One night while Harriet and Golly are making dinner, a visitor comes to the house. It turns out to be the middle aged supermarket delivery boy that Harriet was spying on. He happens to be a man named George Waldenstein who’s Golly’s date. While George explains how he came to be a middle aged delivery boy, Golly accidentally burns the dinner and George declares of taking them out for dinner and a movie. Golly doesn’t think it’s a good idea, but George and Harriet begged her to do so. She accepts. It doesn’t turn out well since the parents get home before they do. They’re furious that Golly took Harriet in the middle of the night without their consent. For that reason, she was fired. Afterwards, they changed their minds, but Golly had decided that since Harriet is old enough to no longer need a nanny, it was time for her to go.

Meanwhile, things are very sad for Harriet ever since Golly left. She feels that something is missing with her life and things aren’t turning out very well for her. The neighbors she was spying on are going through rough times and there’s even a point in which she gets caught. She goes inside a rich woman’s house (played by Eartha Kitt) to spy on her. It’s actually one of my favorite moments in the movie. Why? Because Eartha Kitt’s in it and she’s awesome!

Things turn for the worse when she decides to go to the park and play tag with her classmates. Harriet misplaces her notebook and Marion finds it on the ground. She gathers up the remaining classmates and they start reading the notebook filled with Harriet’s secrets and thoughts about her friends. The notes are not nice ones, they’re even to the point of being insulting and mean spirited. When Harriet, Janie, and Sport see that Marion has Harriet’s notebook, Marion reads the contents of the notebook containing about Janie and Sport. It talked about how Janie is a total nutcase with her crazy science experiments and how Sport and his father are poor. They feel insulted and no longer become Harriet’s friend. They instead sided with Marion and the other classmates who had their feelings hurt by Harriet’s notebook. Also, since she concentrates on writing notes than paying attention in school, Harriet’s parents decide to confiscate her new notebook and forbids her from writing.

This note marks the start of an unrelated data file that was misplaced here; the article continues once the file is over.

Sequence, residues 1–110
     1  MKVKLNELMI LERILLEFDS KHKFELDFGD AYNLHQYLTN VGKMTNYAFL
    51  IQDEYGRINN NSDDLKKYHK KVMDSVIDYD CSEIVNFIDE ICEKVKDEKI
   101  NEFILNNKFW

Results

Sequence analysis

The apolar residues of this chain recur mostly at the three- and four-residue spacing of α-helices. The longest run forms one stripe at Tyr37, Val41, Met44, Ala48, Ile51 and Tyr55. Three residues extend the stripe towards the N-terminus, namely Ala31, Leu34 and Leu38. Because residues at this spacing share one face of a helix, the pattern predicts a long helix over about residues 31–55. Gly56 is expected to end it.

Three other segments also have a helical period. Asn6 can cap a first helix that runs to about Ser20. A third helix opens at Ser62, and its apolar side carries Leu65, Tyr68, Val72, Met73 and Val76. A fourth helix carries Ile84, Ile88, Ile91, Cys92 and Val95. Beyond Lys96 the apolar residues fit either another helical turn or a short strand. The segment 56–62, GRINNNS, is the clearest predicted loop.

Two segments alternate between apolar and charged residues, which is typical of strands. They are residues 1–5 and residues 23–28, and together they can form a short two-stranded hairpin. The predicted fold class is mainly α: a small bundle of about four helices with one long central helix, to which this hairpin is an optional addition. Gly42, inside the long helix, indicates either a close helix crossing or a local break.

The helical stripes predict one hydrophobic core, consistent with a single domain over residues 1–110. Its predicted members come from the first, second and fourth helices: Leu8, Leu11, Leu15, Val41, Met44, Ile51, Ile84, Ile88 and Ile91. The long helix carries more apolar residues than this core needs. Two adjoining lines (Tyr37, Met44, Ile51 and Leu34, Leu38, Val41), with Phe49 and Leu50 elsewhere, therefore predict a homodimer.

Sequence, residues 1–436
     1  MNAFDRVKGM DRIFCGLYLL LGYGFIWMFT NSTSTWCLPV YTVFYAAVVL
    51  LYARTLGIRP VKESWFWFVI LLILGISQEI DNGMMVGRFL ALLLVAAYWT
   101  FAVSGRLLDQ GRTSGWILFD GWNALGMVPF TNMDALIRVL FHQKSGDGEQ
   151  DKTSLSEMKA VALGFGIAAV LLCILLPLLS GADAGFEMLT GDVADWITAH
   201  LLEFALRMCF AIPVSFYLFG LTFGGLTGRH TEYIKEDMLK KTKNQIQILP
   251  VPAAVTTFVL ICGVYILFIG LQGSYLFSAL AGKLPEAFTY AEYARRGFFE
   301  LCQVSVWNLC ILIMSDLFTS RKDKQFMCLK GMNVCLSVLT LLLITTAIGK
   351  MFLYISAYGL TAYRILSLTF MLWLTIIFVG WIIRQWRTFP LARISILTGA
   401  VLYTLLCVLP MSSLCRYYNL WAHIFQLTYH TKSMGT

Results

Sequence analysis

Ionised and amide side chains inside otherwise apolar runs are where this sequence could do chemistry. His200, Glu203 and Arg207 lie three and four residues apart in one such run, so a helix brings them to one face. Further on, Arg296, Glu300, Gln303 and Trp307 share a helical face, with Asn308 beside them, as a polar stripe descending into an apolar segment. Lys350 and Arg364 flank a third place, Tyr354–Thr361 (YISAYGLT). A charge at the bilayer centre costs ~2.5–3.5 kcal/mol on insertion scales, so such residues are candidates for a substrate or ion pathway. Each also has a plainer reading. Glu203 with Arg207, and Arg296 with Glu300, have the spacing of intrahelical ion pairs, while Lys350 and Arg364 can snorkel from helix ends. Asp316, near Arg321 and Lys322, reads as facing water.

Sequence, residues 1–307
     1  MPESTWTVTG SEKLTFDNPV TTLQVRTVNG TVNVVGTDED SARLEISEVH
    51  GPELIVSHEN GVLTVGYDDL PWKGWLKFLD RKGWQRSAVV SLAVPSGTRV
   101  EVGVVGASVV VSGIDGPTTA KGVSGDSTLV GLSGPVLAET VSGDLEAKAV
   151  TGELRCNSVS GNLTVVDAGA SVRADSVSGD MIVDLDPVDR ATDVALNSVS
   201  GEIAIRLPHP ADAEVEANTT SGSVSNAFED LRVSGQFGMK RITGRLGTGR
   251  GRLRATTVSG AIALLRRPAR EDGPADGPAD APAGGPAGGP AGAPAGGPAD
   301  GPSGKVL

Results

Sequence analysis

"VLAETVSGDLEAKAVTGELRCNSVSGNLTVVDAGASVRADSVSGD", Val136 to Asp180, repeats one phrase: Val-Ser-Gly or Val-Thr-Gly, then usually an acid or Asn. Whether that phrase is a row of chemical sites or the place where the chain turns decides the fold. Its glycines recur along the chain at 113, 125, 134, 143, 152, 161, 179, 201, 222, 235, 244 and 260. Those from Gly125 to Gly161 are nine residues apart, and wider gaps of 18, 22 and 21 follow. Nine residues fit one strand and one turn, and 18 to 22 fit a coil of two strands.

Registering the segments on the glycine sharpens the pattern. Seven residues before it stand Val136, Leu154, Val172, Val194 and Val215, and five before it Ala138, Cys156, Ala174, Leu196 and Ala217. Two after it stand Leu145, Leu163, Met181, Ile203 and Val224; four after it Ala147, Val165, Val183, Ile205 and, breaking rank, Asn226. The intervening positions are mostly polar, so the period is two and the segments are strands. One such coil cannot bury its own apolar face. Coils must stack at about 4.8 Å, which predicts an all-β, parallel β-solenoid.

To get revenge on Harriet, they decided to form a new club called “The Spy Catcher’s Club” which they do mean things to Harriet to make her miserable. From passing mean notes to following her on her “spy route” to spilling paint on her, Harriet feels the pain that she had caused her friends.

 

Instead of Harriet apologizing to her classmates about the notebook, she decides to get revenge on them as well. She targets each classmate at a time and comes up with a special punishment. After completing them, she still feels guilty inside. But everything starts to look up when Golly comes over for a visit. Harriet explains her situation and Golly gives her two bits of advice to solve the problem. “You have to apologize and you have to lie. Sometimes a really small lie can be a really big help.”

 

 

So Harriet visits Sport and Janie and try to apologize to them, but they don’t want her around and they don’t even listen to her. Harriet feels that all hope is lost.